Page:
I’ve noticed some trends recently that are related to the real estate market and economy peripherally, but are more about the way Americans are viewing the world they live in.
Those trends are: a Pervasive Sense of Entitlement and the related issue of Childish World-view.
The Pervasive Sense of Entitlement to which I refer was evidenced in an article I read yesterday on Yahoo. (I’m really sorry but I can’t find the link.) The basic notion of the article was that Americans may have to get used to a “lower standard of living,” as evidenced by owning one house and having no more than one car payment at a time.
OH GROW UP ALREADY! While there are millions of families who THINK they can afford a home of their own along with two car payments and all of the other accoutrements of life, the reality doesn’t agree with them. When did it become a “right” to have two new cars? It has never been wise to have two new cars – that’s undeniable. But why is that the definition of the “status quo”, beneath which a person is perceived as living at a lower standard of living?
It’s GARBAGE, my dear friends. Let’s grow up a bit and live within our means. How would this financial crisis be different for you if you had no mortgage to pay and no car payments to make? Answer: You really wouldn’t care about it much, would you? Because it simply wouldn’t have much effect on your life.
The related issue of CHILDISH WORLD-VIEW is evidenced by people trying to push off their own responsibility onto others. Example: All of the people who took out STUPID subprime loans, who are now crying to the world for a rescue that they don’t deserve.
Look, if you are facing foreclosure on a subprime loan, I feel badly for you. I really do – I’ve been there and know what it’s like. But you got what you asked for: A property you couldn’t afford. And now you’re about to learn your lesson, because foreclosure is painful.
But wait! Maybe you won’t HAVE TO learn a lesson, because the Child-In-Chief, Barack Obama, is determined to extend our culture of dependency as far as possible by “gently persuading” the lenders not to foreclose on you.
Where’s the logic in this? Short answer: There isn’t any. The person who made a horrible decision in terms of taking a subprime loan will likely make yet another risky financial move in the future, because sometimes it simply takes the pain of failure to learn how to succeed. And the current government policy of “bailing out” everybody who cries “wolf” denies people the opportunity to learn that lesson – and to reap the long-term benefits of it.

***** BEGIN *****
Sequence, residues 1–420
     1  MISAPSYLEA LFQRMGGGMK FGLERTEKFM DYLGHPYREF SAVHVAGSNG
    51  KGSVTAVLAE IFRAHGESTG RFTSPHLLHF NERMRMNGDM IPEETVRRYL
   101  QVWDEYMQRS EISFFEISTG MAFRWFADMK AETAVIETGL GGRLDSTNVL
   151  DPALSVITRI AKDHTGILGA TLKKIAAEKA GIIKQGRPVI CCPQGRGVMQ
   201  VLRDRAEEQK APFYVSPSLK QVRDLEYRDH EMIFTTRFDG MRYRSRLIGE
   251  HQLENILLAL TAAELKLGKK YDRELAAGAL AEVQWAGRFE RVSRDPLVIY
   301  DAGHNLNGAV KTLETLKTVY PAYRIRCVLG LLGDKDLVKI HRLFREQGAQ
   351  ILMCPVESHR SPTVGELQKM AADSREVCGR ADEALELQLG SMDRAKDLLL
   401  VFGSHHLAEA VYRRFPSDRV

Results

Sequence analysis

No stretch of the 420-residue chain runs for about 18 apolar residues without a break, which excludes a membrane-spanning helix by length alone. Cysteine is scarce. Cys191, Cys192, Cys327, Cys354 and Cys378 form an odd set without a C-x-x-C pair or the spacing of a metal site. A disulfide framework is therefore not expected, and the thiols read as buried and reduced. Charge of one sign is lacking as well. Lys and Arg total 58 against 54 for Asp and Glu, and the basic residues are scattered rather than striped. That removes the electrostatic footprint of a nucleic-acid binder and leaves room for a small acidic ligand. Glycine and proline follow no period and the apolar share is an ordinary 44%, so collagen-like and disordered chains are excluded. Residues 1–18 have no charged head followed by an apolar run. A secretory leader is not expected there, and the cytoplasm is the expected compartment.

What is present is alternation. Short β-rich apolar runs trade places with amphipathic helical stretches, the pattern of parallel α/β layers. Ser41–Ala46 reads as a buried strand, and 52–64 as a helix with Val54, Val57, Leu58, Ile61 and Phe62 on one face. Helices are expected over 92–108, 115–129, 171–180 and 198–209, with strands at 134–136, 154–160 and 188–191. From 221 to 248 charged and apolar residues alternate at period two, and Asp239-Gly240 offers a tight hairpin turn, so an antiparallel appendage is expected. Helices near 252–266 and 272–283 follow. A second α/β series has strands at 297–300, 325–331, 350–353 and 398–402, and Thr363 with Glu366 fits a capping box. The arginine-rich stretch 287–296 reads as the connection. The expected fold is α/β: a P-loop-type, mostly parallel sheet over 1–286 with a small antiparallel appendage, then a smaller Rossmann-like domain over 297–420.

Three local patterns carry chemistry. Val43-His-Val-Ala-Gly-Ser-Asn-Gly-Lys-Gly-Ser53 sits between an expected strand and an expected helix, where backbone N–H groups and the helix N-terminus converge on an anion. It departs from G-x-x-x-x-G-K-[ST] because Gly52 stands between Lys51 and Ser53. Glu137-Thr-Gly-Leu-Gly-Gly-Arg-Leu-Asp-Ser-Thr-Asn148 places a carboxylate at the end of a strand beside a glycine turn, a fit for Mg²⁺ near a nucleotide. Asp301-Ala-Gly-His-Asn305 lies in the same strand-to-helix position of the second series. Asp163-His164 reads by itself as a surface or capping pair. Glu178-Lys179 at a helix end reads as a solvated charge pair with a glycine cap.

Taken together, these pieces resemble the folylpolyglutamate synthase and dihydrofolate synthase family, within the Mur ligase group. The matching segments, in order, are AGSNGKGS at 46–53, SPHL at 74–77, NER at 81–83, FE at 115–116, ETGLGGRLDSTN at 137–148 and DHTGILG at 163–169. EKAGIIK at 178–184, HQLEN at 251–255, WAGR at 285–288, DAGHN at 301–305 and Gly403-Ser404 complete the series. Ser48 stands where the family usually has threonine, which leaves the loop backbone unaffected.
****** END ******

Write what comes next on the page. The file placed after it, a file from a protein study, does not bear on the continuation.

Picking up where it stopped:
I hate to say it, but I think the only answer for our economy is a serious economic cleansing. Lots of company closures. Lots of layoffs. Lots of bankruptcies. Why? For decades, our economy has not been fueled primarily by consumption of fundamental necessities or reasonable extras, but by incredible excess at every level.
In America, we have no sense of delayed gratification. The easy availability of credit has made that time-honored concept a non sequitur to the question of wise financial management. If we want something, we get it, and we get it now. That’s a road to financial devastation, and there is nothing the government can do to stop the fundamental economic unraveling that has to occur.
Contrary to what you think, I’m not heartless. I don’t like the idea of financial challenges. Considering that I’m 34 years old, I don’t have a great frame of reference for weak economic times. Having said that, I see no other way to remove the crap from our system. Barack Obama’s socialist strategies certainly won’t do it. But sadly, a more reasonable leader couldn’t do it either – because our society is all about selfishness and greed. Americans have a pervasive sense of entitlement and view financial matters with the clarity of a 6-year old. And the only thing that can stop that trend is to see the results of it.
I appreciate you and your time. Your comments are welcomed here at RealEstate.BryanEllis.com.